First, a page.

Adam Canfield of the Slash.
Adam Canfield of the Slash.
Candlewick, 2005. (Gr. 5-7)
As co-editors of the Slash, their middle school newspaper, Adam and Jennifer investigate a story and uncover fraud and corruption in their school and in the city’s government. Phoebe, a smart, plucky third grader on the newspaper staff, is determined to report a story of her own, and unwittingly leads them straight into scandal with her innocent piece about Eddie the janitor.
Frances O’Roark Dowell.
Atheneum, 2005. (Gr. 5-7)
Since the death of his mother, Tobin's family life and school life have been in disarray, but after he starts raising chickens with his seventh-grade classmate, Henry, everything starts to fall into place.
Code Talker: A Novel About the Navajo Marines of World War Two
Dial, 2005. (Gr. 7-8)
After being taught in a boarding school run by whites that Navajo is a useless language, Ned Begay and other Navajo men are recruited by the Marines to become Code Talkers, sending messages during World War II in their native tongue.
Knopf, 2005. (Gr. 5-8)
When twelve-year old Rebecca Carter's father brings a Native American accused of murder into their 1812 Ohio settlement town, Rebecca, witnessing the town's reaction to the Indian, struggles with the idea that an innocent man may be convicted and sentenced to death.
Farrar, Straus, and Giroux, 2005. (Gr. 5-7)
While vacationing in the country, eleven-year-old Toby, a cancer patient, learns some important lessons about living and dying from an elderly poet and her cow.
Drums, Girls, and Dangerous Pie.
Scholastic, 2004. (Gr. 5-8)
When his younger brother is diagnosed with leukemia, thirteen-year-old Steven tries to deal with his complicated emotions, his school life, and his desire to support his family.
Harcourt, 2003. (Gr. 6-8)
When a huge white bear offers to save her sister if Rose will come live with him in his castle, she willingly agrees. Traveling on his back to the far north, Rose soon learns to love the bear. But when the evil Troll Queen steals him away, Rose discovers that her bear is really an enchanted prince, and she determines to go to the ends of the earth to save him.
Listening for Lions.
HarperCollins, 2005. (Gr. 4-8)
Left an orphan after the influenza epidemic in British East Africa in 1918, thirteen-year-old Rachel is tricked into assuming a deceased neighbor's identity to travel to England, where her only dream is to return to Africa and rebuild her parents' mission hospital.
The Miraculous Journey of Edward Tulane.
Candlewick, 2006. (Gr. 4-8)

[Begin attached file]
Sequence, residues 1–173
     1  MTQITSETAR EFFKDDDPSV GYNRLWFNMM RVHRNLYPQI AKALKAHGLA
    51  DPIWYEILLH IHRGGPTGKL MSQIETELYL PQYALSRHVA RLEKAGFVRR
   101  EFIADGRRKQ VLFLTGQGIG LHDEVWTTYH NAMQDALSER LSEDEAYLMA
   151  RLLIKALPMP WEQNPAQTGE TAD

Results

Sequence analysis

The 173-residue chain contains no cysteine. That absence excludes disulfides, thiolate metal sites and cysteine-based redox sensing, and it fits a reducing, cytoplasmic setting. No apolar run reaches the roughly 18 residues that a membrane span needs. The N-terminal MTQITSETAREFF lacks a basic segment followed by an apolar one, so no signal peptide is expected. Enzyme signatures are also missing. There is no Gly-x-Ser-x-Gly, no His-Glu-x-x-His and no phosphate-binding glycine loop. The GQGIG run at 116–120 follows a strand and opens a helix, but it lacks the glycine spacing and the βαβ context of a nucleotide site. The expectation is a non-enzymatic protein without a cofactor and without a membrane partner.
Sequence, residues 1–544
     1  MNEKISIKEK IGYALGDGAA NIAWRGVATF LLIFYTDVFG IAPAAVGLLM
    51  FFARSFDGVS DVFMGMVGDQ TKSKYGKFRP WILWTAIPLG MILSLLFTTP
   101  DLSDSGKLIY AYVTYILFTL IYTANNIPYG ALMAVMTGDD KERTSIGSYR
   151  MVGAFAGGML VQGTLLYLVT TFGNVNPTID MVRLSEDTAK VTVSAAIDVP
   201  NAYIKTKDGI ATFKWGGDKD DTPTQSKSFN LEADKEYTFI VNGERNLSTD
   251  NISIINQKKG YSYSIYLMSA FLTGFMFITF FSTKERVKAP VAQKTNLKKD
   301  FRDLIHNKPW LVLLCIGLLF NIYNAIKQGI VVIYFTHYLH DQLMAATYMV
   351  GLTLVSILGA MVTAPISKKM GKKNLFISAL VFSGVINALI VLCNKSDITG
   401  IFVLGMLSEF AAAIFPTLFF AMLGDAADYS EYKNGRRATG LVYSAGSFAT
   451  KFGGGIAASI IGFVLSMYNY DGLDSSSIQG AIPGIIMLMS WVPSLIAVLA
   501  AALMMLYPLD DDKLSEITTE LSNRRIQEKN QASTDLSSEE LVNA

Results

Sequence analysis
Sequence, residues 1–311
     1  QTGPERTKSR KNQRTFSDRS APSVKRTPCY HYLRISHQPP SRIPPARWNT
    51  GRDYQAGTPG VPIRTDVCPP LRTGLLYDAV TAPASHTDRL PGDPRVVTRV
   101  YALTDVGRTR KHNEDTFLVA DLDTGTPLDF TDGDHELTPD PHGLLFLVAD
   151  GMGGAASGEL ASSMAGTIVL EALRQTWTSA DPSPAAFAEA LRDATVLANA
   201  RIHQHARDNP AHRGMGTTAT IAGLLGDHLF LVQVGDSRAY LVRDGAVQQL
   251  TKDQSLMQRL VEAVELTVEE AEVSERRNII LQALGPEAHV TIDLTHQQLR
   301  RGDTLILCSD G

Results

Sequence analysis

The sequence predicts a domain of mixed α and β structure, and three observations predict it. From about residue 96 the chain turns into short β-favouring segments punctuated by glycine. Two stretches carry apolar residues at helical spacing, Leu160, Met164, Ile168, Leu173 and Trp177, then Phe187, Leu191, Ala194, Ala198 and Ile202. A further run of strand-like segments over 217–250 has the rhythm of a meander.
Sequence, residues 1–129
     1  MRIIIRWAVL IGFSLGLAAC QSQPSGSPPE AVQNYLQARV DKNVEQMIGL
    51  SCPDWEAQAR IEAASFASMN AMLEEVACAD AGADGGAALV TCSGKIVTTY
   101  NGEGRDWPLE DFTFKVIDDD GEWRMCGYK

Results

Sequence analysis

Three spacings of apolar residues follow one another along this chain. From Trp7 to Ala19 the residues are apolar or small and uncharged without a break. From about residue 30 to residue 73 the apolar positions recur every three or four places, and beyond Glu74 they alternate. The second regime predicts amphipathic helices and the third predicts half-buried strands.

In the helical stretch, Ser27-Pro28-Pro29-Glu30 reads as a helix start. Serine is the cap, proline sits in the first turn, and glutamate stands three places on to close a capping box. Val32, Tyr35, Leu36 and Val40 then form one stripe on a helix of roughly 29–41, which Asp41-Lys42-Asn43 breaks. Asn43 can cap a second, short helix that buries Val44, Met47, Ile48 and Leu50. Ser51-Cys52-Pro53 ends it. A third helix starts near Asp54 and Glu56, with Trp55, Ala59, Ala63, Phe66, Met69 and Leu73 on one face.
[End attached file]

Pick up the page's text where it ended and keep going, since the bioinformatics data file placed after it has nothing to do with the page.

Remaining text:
Edward Tulane, a cold-hearted and proud toy rabbit, loves only himself until he is separated from the little girl who adores him and travels across the country, acquiring new owners and listening to their hopes, dreams, and histories.
The Misadventures of Maude March, or, Trouble Rides a Fast Horse.
Random House, 2005. (Gr. 5-7)
After the death of the stern aunt who raised them since they were orphaned, eleven-year-old Sallie and her fifteen-year-old sister escape their self-serving guardians and begin an adventure resembling those in the dime novels Sallie loves to read.
MVP*: *Magellan Voyage Project
Front Street, 2004. (Gr. 4-6)
Twelve-year-old Adam Story is challenged by the deposed ruler of Babababad and his mongoose companion to become the first youngster to travel around the world in forty days without an adult.
The Old Willis Place: A Ghost Story
Mary Downing Hahn.
Clarion, 2004. (Gr. 5-7)
Diana and her brother Georgie have been living a cursed existence in the woods behind the old Willis place, but when a new caretaker comes to live in the decrepit mansion, Diana will dare to reveal herself in an effort to make a new friend and to free herself and Georgie from their predicament.
The Penderwicks: A Summer Tale of Four Sisters, Two Rabbits, and a Very Interesting Boy
Knopf, 2005. (Gr. 4-7)
While vacationing with their widowed father in the Berkshire Mountains, four lovable sisters, ages four through twelve, share adventures with a local boy, much to the dismay of his snobbish mother.
Bloomsbury, 2005. (Gr. 4-7)
While attending a strict academy for potential princesses with the other girls from her mountain village, fourteen-year-old Miri discovers unexpected talents and connections to her homeland.
The Ruins of Gorlan
Philomel, 2005. (Gr. 5-8)
When fifteen-year-old Will is rejected by battleschool, he becomes the reluctant apprentice to the mysterious Ranger Halt, and winds up protecting the kingdom from danger.
The Schwa Was Here
Dutton, 2004. (Gr. 6-8)
A Brooklyn eighth-grader nicknamed Antsy befriends the Schwa, an "invisible-ish" boy who is tired of blending into his surroundings and going unnoticed by nearly everyone.
Holt, 2005. (Gr. 5-7)
Named after a character in a Shakespeare play, misfit sixth-grader Hero becomes interested in exploring this unusual connection because of a valuable diamond supposedly hidden in her new house, an intriguing neighbor, and the unexpected attention of the most popular boy in school.
Thunder From the Sea
Joan Hiatt Harlow.
McElderry, 2004. (Gr. 4-5)
Just when his dreams of being part of a family and having a dog seem to be coming true, Tom wonders if trouble with neighbors on his new island home and the impending birth of a new baby will change everything. Set in Newfoundland in 1929.
Simon & Schuster, 2004. (Gr. 5-7)
After breaking his leg, eleven-year-old Nate feels useless because he cannot work on the family farm in nineteenth-century Nebraska, so when his father brings home an orphan boy to help with the chores, Nate feels even worse.
Mary Ann Rodman.
Farrar, Straus, & Giroux, 2004. (Gr. 5-8)
When her FBI-agent father is transferred to Jackson, Mississippi, in 1964, eleven-year-old Alice wants to be popular but also wants to reach out to the one black girl in her class in a newly-integrated school.